by Amy Timberlake
About the book: A Newbery Honor Book An ALA-ALSC Notable Children's Book Winner of the Edgar Allan Poe Award for Best Juvenile Novel “An adventure, a mystery, and a love song to the natural world. . . . Run out and read it. Right now.”—Newbery Medalist Karen Cushman In the town of Placid, Wisconsin, in 1871, Georgie Burkhardt is known for two things: her uncanny aim with a rifle and her habit of speaking her mind plainly. But when Georgie blurts out something she shouldn't, her older sister Agatha flees, running off with a pack of "pigeoners" trailing the passenger pigeon migration. And when the sheriff returns to town with an unidentifiable body—wearing Agatha's blue-green ball gown—everyone assumes the worst. Except Georgie. Refusing to believe the facts that are laid down (and coffined) before her, Georgie sets out on a journey to find her sister. She will track every last clue and shred of evidence to bring Agatha home. Yet even with resolute determination and her trusty Springfield single-shot, Georgie is not prepared for what she faces on the western frontier. From the Hardcover edition.
by Vince Vawter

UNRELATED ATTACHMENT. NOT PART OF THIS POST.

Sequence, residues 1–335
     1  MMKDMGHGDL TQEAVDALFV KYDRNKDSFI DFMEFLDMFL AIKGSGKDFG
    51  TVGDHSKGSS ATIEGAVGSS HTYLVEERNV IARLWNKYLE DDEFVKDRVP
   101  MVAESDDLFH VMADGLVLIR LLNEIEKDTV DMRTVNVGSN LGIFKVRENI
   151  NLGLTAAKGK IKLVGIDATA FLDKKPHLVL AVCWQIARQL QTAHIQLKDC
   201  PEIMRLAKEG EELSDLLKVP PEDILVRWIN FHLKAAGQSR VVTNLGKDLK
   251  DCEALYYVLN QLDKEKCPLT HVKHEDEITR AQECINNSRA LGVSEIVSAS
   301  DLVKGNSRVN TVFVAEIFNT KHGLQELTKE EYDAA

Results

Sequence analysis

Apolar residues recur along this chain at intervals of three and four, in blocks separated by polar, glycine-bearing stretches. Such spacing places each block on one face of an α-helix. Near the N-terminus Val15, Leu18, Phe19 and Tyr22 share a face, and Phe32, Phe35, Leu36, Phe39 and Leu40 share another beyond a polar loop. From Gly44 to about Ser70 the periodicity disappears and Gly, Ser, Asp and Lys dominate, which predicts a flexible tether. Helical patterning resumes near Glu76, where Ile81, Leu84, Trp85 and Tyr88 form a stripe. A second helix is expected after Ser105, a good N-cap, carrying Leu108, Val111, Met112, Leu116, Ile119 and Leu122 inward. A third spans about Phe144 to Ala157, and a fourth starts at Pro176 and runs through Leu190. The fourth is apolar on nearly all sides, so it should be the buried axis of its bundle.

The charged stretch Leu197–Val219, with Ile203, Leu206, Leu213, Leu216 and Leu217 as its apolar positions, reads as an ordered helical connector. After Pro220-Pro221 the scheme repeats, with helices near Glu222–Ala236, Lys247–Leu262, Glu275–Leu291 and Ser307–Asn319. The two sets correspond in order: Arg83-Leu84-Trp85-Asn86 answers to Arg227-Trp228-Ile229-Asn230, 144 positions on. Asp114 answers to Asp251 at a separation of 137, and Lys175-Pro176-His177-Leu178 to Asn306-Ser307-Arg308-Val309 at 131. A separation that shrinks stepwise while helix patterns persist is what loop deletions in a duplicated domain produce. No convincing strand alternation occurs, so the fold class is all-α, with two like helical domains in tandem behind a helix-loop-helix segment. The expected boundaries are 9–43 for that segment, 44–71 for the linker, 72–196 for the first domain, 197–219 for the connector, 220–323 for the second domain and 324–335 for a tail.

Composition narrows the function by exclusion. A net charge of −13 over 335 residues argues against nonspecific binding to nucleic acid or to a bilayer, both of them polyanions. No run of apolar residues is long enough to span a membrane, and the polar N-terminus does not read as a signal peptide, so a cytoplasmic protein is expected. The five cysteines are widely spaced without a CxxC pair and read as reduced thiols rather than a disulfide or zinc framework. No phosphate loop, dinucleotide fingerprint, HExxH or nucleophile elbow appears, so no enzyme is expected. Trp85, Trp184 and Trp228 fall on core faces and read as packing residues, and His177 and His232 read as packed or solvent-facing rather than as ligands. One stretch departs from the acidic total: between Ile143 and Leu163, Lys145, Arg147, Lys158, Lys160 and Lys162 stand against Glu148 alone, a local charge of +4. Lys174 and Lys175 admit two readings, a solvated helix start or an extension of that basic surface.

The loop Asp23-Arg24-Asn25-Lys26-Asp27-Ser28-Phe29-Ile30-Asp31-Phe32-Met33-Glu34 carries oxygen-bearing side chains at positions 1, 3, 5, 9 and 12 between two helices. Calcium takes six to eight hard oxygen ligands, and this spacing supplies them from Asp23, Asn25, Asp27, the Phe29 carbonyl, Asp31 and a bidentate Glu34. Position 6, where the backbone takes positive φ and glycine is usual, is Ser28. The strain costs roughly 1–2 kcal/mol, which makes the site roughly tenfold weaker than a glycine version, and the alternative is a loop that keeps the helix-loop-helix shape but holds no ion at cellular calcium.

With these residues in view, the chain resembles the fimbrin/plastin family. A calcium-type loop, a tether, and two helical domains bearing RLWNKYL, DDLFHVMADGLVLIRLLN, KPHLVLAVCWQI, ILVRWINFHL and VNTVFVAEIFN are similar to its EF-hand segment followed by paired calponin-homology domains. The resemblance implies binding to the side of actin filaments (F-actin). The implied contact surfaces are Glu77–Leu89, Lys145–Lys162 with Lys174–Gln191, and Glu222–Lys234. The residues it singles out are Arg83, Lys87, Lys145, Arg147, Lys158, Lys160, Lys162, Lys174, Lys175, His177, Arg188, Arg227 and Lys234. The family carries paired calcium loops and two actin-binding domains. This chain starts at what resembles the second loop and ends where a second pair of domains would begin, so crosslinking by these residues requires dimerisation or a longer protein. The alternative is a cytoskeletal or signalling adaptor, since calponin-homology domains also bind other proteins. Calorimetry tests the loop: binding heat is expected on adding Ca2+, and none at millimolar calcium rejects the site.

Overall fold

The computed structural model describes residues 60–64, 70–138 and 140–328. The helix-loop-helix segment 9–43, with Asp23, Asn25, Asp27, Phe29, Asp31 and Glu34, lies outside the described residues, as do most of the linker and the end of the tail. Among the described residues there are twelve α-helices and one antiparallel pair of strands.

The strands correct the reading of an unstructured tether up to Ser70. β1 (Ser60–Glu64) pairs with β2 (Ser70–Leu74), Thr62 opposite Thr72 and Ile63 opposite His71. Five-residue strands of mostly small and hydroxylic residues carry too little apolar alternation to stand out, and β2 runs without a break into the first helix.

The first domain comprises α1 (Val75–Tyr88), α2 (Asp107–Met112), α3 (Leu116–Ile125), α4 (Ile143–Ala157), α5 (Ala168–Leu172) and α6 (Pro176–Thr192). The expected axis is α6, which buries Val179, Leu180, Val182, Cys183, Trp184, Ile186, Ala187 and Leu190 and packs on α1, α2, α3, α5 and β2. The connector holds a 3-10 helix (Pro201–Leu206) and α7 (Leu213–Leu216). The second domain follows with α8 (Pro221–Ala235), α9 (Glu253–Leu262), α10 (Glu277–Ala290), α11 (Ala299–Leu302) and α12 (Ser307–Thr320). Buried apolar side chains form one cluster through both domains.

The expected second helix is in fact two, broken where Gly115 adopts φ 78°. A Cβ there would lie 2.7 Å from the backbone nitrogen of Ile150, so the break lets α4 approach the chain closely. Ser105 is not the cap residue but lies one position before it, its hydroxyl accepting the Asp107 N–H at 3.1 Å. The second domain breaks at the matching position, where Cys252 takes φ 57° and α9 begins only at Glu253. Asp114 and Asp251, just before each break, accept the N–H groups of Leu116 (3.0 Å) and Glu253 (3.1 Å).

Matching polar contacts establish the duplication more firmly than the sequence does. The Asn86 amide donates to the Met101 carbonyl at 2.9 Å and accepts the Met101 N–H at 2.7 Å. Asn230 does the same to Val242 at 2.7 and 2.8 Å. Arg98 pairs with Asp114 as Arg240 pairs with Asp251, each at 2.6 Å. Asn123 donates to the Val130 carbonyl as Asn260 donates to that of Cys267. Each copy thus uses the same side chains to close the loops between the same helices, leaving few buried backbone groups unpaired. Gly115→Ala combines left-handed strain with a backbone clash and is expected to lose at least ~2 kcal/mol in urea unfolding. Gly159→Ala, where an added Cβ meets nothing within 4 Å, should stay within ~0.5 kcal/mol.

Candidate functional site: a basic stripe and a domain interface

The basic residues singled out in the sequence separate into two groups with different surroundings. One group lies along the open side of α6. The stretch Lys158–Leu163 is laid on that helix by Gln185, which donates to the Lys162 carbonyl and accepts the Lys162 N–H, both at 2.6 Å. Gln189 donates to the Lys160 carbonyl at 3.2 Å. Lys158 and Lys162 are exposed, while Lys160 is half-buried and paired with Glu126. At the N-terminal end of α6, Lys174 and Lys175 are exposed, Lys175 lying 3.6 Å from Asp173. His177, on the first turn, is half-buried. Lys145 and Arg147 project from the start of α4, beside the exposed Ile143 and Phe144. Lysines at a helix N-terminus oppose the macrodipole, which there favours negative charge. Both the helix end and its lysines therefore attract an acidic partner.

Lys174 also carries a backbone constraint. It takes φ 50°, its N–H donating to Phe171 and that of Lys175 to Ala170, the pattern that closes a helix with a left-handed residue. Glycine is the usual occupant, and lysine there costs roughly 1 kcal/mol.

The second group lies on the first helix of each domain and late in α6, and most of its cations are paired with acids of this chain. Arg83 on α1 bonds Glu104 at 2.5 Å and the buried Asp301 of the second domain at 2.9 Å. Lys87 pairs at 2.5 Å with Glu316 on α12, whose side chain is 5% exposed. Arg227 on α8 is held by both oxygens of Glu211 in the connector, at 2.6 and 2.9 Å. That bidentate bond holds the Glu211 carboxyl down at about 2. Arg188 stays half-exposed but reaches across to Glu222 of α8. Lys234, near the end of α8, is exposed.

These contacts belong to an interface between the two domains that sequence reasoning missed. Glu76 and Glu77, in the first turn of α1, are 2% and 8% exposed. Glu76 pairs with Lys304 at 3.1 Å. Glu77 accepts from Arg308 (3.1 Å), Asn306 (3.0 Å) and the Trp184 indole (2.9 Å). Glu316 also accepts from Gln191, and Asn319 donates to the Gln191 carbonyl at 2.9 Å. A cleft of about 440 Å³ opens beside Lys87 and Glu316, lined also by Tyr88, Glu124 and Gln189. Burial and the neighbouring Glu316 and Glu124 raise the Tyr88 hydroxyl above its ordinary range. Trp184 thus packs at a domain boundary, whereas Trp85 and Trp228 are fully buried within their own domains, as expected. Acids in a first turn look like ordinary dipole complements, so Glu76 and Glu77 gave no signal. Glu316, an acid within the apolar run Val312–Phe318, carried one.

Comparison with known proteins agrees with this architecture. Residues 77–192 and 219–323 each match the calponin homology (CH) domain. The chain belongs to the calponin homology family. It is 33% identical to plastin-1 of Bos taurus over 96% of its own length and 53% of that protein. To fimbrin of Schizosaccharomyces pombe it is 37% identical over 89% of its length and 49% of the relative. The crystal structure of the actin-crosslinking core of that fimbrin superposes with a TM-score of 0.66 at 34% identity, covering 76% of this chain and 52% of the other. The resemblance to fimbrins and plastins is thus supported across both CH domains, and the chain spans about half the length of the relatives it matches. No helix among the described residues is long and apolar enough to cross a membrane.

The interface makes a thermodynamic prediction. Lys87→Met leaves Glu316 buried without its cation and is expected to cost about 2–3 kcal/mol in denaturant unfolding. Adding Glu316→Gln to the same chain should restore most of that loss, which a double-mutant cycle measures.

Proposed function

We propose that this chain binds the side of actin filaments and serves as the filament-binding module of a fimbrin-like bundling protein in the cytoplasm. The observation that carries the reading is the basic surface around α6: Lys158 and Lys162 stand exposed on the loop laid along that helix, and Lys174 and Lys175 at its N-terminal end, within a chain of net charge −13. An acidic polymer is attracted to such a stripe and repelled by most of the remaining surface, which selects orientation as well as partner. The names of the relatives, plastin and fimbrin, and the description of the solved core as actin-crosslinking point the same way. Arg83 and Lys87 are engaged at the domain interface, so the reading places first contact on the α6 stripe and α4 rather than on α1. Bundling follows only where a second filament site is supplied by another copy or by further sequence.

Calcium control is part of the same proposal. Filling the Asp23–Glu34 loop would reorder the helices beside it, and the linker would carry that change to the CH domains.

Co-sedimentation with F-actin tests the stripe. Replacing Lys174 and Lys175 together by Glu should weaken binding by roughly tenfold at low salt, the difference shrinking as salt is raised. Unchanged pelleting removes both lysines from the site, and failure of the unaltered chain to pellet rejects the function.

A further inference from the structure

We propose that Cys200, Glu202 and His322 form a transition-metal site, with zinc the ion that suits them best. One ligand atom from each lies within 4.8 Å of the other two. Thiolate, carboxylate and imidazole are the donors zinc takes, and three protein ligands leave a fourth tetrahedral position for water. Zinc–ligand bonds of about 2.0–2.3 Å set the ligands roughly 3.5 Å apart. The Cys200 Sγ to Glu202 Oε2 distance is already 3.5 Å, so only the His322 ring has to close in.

About the book: *"Reminiscent of To Kill a Mockingbird." —Booklist, Starred "An unforgettable boy and his unforgettable story. I loved it!" —ROB BUYEA, author of Because of Mr. Terupt and Mr. Terupt Falls Again This Newbery Honor winner is perfect for fans of To Kill a Mockingbird, The King’s Speech, and The Help. A boy who stutters comes of age in the segregated South, during the summer that changes his life. Little Man throws the meanest fastball in town. But talking is a whole different ball game. He can barely say a word without stuttering—not even his own name. So when he takes over his best friend’s paper route for the month of July, he’s not exactly looking forward to interacting with the customers. But it’s the neighborhood junkman, a bully and thief, who stirs up real trouble in Little Man’s life. A Newbery Honor Award Winner An ALA-ALSC Notable Children’s Book An IRA Children’s and Young Adults’ Choice An IRA Teachers’ Choice A Bank Street College of Education Best Book of the Year A National Parenting Publications Award Honor Book A BookPage Best Children’s Book An ABC New Voices Pick A Junior Library Guild Selection An ALA-ALSC Notable Children’s Recording An ALA-YALSA Amazing Audiobook A Mississippi Magnolia State Award List Selection “[Vawter’s] characterization of Little Man feels deeply authentic, with . . . his fierce desire to be ‘somebody instead of just a kid who couldn’t talk right.’” —The Washington Post “Paperboy offers a penetrating look at both the mystery and the daily frustrations of stuttering. People of all ages will appreciate this positive and universal story.” —Jane Fraser, president of the Stuttering Foundation of America *“[A] tense, memorable story.” —Publishers Weekly, Starred “An engaging and heartfelt presentation that never whitewashes the difficult time and situation as Little Man comes of age.” —Kirkus Reviews “Vawter portrays a protagonist so true to a disability that one cannot help but empathize with the difficult world of a stutterer.” —School Library Journal